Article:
The Groundhog Day Election in Los Angeles

Gautam Dutta, Esq. // Published June 23, 2008 in California Progress Report
After a fiercely fought primary election, no winner emerged in last week's election in the LA County Supervisor race between City Councilmember Bernard Parks and State Senator Mark Ridley-Thomas. With barely one-sixth of all voters participating, millions of dollars spent, and a race that turned increasingly negative, neither Ridley-Thomas nor Parks could muster a majority (50 percent plus one) in the nine-candidate field. As a result, both candidates must now duke it out for another five months until the November general election -- leaving voters in the crossfire of more mudslinging and personal attacks.

According to some political consultants and politicians, runoff elections are good for democracy. In theory, they give voters a “second look” to size up the top two finalists. But in all honesty, how much more will voters learn about Councilmember Parks and State Senator Ridley-Thomas that we don’t already know? What will we learn from another five months of attack mailers and sound bites?

One things we will definitely learn is how low mudslinging campaigning can go. To date, the two million residents of the sprawling 2nd District -- which stretches from Venice to Koreatown to South Los Angeles to the City of Carson -- have been subjected to increasingly vitriolic charges and countercharges. And that’s not counting the additional millions of dollars spent on this race by so-called independent expenditure committees.

This is not the first time that Los Angeles voters have had to endure nasty, negative and expensive runoff elections. Previously we saw it in the mayoral races in 2001 and 2005, in some city council districts, as well as a community college district runoff in 2007. In each race, voters were hammered with attack ads telling us what’s wrong with the future winners -- undermining our faith in our leaders.

Adding insult to injury, LA taxpayers shell out millions of dollars to pay for the administering of these runoff elections. The May 2007 runoff cost $5 million for an election where only 6 percent of voters participated, a 40 percent dropoff from the March primary. Some precincts had no voters -- yet taxpayers paid $40 per voter for this wasteful election.

Fortunately, there is a better way to elect our local leaders – it is called instant runoff voting (IRV). It works much like our current runoff system, but it elects the majority winner in a single election, thereby savings millions in taxes. It also has the potential to boost voter turnout, and reduce the negative campaigning. Here’s how it works.

With the current method, voters who did not support Parks or Ridley-Thomas in June will pick their second choice this November. With IRV, voters indicate their second choice at the same time as their first choice by ranking up to three candidates, 1-2-3.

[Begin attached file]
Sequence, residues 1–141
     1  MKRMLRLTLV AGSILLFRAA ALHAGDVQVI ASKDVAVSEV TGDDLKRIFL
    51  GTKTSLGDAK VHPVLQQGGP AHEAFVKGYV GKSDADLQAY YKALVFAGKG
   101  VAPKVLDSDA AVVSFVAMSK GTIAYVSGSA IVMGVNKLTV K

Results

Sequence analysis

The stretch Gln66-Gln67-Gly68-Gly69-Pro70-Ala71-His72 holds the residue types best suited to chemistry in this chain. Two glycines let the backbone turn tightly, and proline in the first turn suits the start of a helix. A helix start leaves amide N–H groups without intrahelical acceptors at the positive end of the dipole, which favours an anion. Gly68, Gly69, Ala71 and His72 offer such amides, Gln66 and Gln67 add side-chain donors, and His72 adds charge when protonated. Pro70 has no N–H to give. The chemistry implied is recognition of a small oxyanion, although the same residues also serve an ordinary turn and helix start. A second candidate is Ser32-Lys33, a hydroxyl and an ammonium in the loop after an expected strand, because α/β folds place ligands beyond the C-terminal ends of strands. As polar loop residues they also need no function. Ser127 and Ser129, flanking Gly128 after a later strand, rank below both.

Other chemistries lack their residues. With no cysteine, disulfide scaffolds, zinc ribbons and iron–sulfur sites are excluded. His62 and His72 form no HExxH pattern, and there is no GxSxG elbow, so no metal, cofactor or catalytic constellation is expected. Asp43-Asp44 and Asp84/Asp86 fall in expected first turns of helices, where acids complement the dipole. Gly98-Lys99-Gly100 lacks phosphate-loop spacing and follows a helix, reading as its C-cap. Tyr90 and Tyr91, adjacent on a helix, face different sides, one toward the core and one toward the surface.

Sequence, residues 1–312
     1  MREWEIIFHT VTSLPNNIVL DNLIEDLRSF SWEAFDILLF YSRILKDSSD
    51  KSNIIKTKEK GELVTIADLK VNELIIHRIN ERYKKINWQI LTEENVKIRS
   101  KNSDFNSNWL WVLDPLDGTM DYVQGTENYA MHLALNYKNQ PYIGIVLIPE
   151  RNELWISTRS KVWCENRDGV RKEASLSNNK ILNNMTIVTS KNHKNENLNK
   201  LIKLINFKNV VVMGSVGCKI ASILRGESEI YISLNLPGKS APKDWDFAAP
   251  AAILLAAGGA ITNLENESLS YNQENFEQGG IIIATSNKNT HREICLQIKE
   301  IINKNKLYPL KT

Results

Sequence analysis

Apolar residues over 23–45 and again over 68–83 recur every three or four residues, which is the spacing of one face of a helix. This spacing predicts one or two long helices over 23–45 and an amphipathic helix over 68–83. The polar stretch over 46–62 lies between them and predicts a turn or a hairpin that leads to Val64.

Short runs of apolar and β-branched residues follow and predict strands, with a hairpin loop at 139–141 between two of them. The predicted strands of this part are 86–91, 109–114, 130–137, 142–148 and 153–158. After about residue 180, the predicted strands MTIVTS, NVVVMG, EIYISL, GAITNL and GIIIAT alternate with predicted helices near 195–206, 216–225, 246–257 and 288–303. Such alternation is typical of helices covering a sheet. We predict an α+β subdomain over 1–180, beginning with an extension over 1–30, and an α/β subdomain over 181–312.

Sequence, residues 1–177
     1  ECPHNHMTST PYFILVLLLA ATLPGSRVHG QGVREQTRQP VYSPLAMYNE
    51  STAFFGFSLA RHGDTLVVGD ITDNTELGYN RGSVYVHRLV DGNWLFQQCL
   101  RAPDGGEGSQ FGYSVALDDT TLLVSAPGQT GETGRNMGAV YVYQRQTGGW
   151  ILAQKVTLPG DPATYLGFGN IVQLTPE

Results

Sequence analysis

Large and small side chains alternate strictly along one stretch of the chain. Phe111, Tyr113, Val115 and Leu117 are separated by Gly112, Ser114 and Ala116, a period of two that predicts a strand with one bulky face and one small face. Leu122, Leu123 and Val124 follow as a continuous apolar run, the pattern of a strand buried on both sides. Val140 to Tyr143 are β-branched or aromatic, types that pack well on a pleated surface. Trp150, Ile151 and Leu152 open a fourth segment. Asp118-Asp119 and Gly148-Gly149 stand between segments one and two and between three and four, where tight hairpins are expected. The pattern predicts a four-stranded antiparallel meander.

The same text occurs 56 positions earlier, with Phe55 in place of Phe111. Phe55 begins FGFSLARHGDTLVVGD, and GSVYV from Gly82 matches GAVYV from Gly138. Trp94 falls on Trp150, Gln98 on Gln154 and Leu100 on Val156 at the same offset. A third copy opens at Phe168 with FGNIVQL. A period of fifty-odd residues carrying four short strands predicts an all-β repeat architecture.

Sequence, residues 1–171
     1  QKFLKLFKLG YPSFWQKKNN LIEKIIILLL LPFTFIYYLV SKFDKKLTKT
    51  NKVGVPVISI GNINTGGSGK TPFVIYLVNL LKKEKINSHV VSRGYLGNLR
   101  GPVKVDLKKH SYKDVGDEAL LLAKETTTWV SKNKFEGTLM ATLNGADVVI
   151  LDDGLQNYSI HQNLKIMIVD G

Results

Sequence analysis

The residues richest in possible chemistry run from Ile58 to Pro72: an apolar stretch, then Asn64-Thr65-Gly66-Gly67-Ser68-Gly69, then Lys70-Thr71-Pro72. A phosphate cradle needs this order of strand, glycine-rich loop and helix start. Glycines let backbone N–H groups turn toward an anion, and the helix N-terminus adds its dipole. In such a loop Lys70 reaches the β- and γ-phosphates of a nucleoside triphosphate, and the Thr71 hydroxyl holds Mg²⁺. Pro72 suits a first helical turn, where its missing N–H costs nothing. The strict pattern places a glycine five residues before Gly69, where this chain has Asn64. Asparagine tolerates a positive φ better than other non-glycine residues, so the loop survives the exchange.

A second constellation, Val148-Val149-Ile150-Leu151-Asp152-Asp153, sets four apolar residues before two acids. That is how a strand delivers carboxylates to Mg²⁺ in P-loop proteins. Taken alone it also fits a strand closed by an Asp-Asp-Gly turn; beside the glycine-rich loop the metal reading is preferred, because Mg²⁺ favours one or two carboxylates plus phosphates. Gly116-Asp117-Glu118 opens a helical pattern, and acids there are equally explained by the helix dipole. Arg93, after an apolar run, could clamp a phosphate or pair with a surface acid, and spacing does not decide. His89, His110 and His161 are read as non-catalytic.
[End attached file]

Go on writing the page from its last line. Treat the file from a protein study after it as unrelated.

If any candidate wins a majority of first rankings, the election is over (just like now). But if no candidate garners a majority of first rankings, the instant runoff begins. If your first choice cannot win, your vote will go immediately to your second choice. In this way, the runoff rankings are used to determine the majority winner. It’s like the current runoff system, but you get it over in one election.

With IRV, voters, candidates and organizations can focus on a single election. According to the Los Angeles City Clerk, IRV will save taxpayers $8 to $9 million each election that a citywide runoff is not held.

Moreover, by reducing the number of elections, IRV will reduce voter fatigue and help boost voter turnout. It also has the potential to reduce negative campaigning. Other places using IRV have found that a winning candidate may need to receive second rankings from the supporters of his or her competitors. As a result, candidates have a greater incentive to find common ground and forge coalitions instead of attacking each other.

IRV has already been adopted by a growing number of cities, including Oakland, Minneapolis, Santa Fe, Cary, North Carolina and San Francisco. In San Francisco, IRV has been used in four elections since 2004. One study found that IRV boosted citywide voter turnout by 168 percent, and by 300 percent in the most ethnically diverse neighborhoods. Another study found that 87 percent of San Francisco voters understood IRV, a measure that cut across all racial lines.

IRV already has considerable support in Los Angeles, and has been endorsed by a broad coalition that includes the League of Women Voters, Los Angeles Area Chamber of Commerce, Los Angeles County Federation of Labor (AFL-CIO), voting-rights groups, some neighborhood councils, and noteworthy leaders like former Mayor Richard Riordan, labor leader Dolores Huerta and California State Controller John Chiang.

Voters must approve a charter amendment to adopt IRV for local runoff elections. If the Los Angeles City Council and Mayor Villaraigosa act to put IRV on the November ballot, voters will finally have the chance to get rid of wasteful, low turnout runoffs for all Los Angeles city, school board, and community college elections. But time is running short. For this to happen, the City Council's Rules Committee (chaired by Council President Eric Garcetti) must pass an IRV bill by this Wednesday (June 25) -- and the full Council must approve it by July 2.

Like Bill Murray’s character in “Groundhog Day”, voters desperately need relief from having to sit through endless reruns of the same election. It’s time to kickstart our democracy – end voter fatigue, save millions of taxpayer dollars, reduce mudslinging campaigns -- by adopting IRV.

Gautam Dutta, Esq. is Deputy Director of the Political Reform Program at the New America Foundation (